The well-meaning, delusional dad

06/13/2014 5:37 PM

06/13/2014 8:53 PM

On this Father’s Day weekend, I have a confession to make:

I’m a delusional dad.

There are a lot of us out there, the prematurely proud, imagining great things for our children. But nowhere is the delusion-per-capita higher than the place I’ll be spending much of today and Sunday – on youth recreational baseball fields.

I have two sons who play youth baseball, and both have the misfortune to be good enough to play on their league’s all-star teams. This, they are learning, means not only facing a higher level of athletic competition, but exponentially higher levels of parental angst. Even worse for one son, my 10-year-old: I’m on his All-Star coaching staff.

There will be few, if any, future pros on the fields he and I step on today, but there will be plenty of parents and coaches who act as if they believe otherwise. They’re the ones offering endless mechanical tinkers, taking instructional smartphone video and groaning as if a muffed grounder was just broadcast nationally instead of seen by two dozen moms and dads on one of thousands of baseball diamonds this day.

Ahem. Yes, that’s me out there, with my smartphone.

But let’s be charitable for a moment. Delusional dads aren’t usually the cliche that you think. Most aren’t trying to re-live athletic glory through their children, and most don’t really believe that a future major-leaguer is riding in their backseat. For most, the coaching and cajoling is about wanting their children at their best, wanting them to realize the benefits of achieving.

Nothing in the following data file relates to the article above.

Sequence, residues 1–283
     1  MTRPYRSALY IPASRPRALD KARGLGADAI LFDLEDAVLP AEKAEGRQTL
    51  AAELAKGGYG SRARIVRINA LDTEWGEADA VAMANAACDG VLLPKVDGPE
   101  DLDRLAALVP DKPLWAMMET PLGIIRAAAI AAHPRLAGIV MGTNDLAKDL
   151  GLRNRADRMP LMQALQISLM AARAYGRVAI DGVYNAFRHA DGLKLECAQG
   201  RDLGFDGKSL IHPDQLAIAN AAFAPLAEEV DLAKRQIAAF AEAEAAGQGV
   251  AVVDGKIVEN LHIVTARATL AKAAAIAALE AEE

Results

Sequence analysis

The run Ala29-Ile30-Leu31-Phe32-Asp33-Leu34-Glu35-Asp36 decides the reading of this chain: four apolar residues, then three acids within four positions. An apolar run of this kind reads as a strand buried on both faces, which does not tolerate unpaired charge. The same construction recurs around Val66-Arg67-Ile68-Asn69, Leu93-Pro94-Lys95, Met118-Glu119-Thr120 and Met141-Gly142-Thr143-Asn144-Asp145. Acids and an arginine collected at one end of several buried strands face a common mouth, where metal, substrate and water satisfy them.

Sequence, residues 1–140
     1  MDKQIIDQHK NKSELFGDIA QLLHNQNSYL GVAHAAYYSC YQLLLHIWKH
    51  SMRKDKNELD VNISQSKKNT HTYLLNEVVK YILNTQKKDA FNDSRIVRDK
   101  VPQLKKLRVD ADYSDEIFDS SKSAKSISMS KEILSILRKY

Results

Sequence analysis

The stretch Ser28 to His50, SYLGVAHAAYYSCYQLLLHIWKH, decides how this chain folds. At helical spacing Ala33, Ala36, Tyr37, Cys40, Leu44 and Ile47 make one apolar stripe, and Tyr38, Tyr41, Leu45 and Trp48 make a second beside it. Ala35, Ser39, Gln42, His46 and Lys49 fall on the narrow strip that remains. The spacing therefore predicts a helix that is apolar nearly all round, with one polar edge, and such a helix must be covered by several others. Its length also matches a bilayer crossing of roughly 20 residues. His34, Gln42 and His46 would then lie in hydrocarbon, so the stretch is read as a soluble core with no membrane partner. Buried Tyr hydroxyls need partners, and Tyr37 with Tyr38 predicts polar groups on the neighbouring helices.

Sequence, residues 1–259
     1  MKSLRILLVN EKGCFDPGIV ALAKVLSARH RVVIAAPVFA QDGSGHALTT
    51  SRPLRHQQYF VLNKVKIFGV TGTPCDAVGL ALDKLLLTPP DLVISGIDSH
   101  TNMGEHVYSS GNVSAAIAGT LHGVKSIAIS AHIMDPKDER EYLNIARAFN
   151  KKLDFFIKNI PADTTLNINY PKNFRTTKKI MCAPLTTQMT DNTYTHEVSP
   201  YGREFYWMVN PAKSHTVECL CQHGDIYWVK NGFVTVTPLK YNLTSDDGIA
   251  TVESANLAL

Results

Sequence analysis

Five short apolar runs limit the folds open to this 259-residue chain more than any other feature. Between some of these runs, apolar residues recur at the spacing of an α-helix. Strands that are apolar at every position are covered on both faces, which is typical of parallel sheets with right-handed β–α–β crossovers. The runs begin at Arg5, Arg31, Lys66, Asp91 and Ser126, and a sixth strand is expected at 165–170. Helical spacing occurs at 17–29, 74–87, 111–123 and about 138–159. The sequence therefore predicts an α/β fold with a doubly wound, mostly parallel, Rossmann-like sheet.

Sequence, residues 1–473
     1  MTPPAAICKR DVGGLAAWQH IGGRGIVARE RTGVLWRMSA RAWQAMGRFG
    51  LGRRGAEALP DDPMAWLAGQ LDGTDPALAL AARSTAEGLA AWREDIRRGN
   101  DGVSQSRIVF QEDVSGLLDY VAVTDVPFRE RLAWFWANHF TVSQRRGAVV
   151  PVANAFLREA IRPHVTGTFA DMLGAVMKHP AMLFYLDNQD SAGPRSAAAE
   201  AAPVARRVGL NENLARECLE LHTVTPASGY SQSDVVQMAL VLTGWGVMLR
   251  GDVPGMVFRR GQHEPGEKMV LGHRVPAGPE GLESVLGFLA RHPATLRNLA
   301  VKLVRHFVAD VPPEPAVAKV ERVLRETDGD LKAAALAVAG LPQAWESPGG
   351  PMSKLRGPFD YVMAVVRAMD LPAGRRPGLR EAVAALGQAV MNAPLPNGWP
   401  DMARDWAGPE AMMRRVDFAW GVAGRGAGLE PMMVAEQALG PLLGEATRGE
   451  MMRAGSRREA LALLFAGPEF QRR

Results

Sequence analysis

That’s part of what parenting is, on or off the athletic fields. This weekend, high schoolers across Charlotte will march across a graduation stage, many with stories of achievement that came thanks to moms and dads who helped them believe they were capable of more. Some of our job as parents is to help our children find their limits. Sometimes that means reaching beyond them.

Which brings us back to baseball and this delusional dad. A scouting report, if I may, on the 10-year-old: He’s a good athlete with a strong glove. He makes consistent contact at the plate, but without much power. Of course, he’d like to increase that power, which has provided a good teaching opportunity about working and improving. It hasn’t always gone smoothly, for either of us.

Sports are full of those teachable moments. We talk often as coaches about being a good teammate, about learning to deal with failure, about choosing to be successful. We also talk a lot about “having fun out there,” but that’s often followed by a reminder of how winning is more fun than losing, right?

But at some point, sports does become more about enjoyment than achievement. Eventually, most of our athletic children will get cut from a competitive athletic team – or they’ll no longer care to try. What will they be left with then?

I thought about that this week at a Charlotte Knights game. Our boys were both there, and a Knights hitter, Marcus Semien, came up to the plate a couple innings after launching an impressive home run. The 10-year-old remembered this, and he ooohed when Semien took another big swing. “Did you see how he took that big stride?” I said, ever the coach. My son sagged.

Today, we’re back at the youth ballfields for two games, maybe a few hard hits and maybe, if I’m a better coach, some fun out there. Sunday is Father’s Day, and my wish for all is that your delusions are not delusional. But if they are, my wish is that we have the wisdom to not be that dad, but a father instead.

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